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Published: February 12th 2010
This was pure luck this photo. We were not allowed to take any pictures at the festival so the camera was in my hand at my waist and 'click'
First of we are very lucky to have made it to Haridwar, we take back all the bad things we have said about the train system and that it is NEVER on time. For once it worked in our advantage 😊 We had booked tickets a few weeks ago to go to Haridwar for the Kumba Mella festival but we were on the waiting list right up to the last night, but lucky for us we were the previous night at the function for the CEO of trains for northern India (see previous blog) and we used our charm and next thing we knew we had tickets to Haridwar and even upgraded.
Why we were so grateful that the trains we late, I didn’t realise that they put us on a complete new train and it was very lucky that Diana checked. A quick summary of what happened, our new train was at 6.30pm (originally 9.30pm) Diana checked the ticket at exactly 6.20pm and we were still at our hostel and 30 minutes away from the station. We had given up hope of Haridwar, and then we remembered we are in India and trains are always late so rushed there
40 minutes late and still had 5 minutes up our sleeve to find out carriage and get some food, thank you not on time trains!!
So to Haridwar, people, people and more people. Festival time in India is a big event and the Kumba Mella Festival is no exception. The pilgrimage occurs four times every twelve years, once at each of the four locations. All people heading to the Ganges to have a holy dip. Each twelve-year cycle includes the Maha (great) Kumbha Mela at Allabad, attended by 100 million people, making it the largest pilgrimage gathering around the world, what a party. The one we were at was a little less scale down with 17 million attending. Our bathing date was called the Magh Purnima Snan - Fourth Snan and the big one for this year is on the 14th April and is called Baisakhi - Pramukh Shahi Snan (translation: Main Royal Bath).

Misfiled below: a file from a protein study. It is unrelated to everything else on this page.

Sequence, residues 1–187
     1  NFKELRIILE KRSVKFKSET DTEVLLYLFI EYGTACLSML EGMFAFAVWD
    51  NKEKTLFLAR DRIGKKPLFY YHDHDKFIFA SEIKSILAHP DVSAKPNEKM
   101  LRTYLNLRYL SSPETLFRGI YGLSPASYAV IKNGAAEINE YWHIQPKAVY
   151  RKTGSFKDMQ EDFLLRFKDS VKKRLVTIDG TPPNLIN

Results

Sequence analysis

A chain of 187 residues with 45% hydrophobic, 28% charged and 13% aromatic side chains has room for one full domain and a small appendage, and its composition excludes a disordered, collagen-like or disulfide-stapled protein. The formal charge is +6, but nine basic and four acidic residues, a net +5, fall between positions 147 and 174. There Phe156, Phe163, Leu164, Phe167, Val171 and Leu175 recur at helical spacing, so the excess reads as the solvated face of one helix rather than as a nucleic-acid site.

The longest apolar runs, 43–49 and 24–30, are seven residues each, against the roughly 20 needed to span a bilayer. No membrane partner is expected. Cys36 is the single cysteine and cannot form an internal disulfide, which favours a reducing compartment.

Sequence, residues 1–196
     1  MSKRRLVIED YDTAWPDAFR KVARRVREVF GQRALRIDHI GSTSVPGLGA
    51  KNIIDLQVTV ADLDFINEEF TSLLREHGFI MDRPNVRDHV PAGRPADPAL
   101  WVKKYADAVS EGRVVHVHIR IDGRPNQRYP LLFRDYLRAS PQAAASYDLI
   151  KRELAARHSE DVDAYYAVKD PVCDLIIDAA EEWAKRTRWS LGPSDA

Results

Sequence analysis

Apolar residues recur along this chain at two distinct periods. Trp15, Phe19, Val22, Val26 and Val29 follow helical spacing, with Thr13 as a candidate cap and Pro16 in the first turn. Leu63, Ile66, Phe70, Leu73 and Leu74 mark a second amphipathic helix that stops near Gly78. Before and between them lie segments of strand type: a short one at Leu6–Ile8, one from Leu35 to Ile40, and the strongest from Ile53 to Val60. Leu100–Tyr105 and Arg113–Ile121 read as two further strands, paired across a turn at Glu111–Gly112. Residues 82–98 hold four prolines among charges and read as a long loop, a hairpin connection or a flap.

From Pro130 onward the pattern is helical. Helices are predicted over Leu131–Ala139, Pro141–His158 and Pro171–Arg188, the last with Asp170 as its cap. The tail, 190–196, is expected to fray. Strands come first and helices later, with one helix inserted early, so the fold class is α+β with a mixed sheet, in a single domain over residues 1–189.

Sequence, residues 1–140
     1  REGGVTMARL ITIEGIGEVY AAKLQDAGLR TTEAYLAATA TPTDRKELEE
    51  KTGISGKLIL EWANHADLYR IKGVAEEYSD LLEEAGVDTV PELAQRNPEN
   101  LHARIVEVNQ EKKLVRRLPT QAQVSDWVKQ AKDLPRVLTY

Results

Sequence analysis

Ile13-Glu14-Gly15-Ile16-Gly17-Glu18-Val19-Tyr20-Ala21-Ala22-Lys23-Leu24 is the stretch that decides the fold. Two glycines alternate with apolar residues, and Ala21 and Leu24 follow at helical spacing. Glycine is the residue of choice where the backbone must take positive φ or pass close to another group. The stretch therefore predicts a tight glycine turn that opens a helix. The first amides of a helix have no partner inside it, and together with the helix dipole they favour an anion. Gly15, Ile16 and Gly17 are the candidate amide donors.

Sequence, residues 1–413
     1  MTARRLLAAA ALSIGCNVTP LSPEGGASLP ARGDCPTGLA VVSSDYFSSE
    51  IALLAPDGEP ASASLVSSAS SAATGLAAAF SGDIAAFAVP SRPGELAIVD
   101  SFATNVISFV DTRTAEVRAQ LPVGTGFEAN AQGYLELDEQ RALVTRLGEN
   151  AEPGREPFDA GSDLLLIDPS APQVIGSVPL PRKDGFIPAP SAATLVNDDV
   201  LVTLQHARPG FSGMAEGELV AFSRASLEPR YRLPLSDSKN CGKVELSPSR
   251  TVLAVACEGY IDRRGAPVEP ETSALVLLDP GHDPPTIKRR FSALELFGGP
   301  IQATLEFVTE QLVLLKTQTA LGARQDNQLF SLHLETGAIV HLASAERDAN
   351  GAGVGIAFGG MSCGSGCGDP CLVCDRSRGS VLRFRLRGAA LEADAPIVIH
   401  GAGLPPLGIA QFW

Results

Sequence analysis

So it is pretty much chaos everywhere you look but seeing so many people in such a small area is amazing. Haridwar is not a big city by all means and this Ganges here is running quite fast, Haridwar is quite north, so they
have chain hanging of bridges, the side of river banks just in case someone falls in they can grab onto something before going too far down the river.
It was an amazing experience though and we both enjoyed seeing the people follow their beliefs and the joy they feel when entering the river, even at 1,2, 3 and 4am in that water that has just come from melting glaciers! It was freezing!
This is a link for all information about the festival, it is worth the effort to go and have a look (if you don’t mind crowds) The main photo of this blog was taken, if you look at the link and the top photo, on the left hand side just below the ramp looking across the Ganger river to the crowd. You can get an idea of what it is like..
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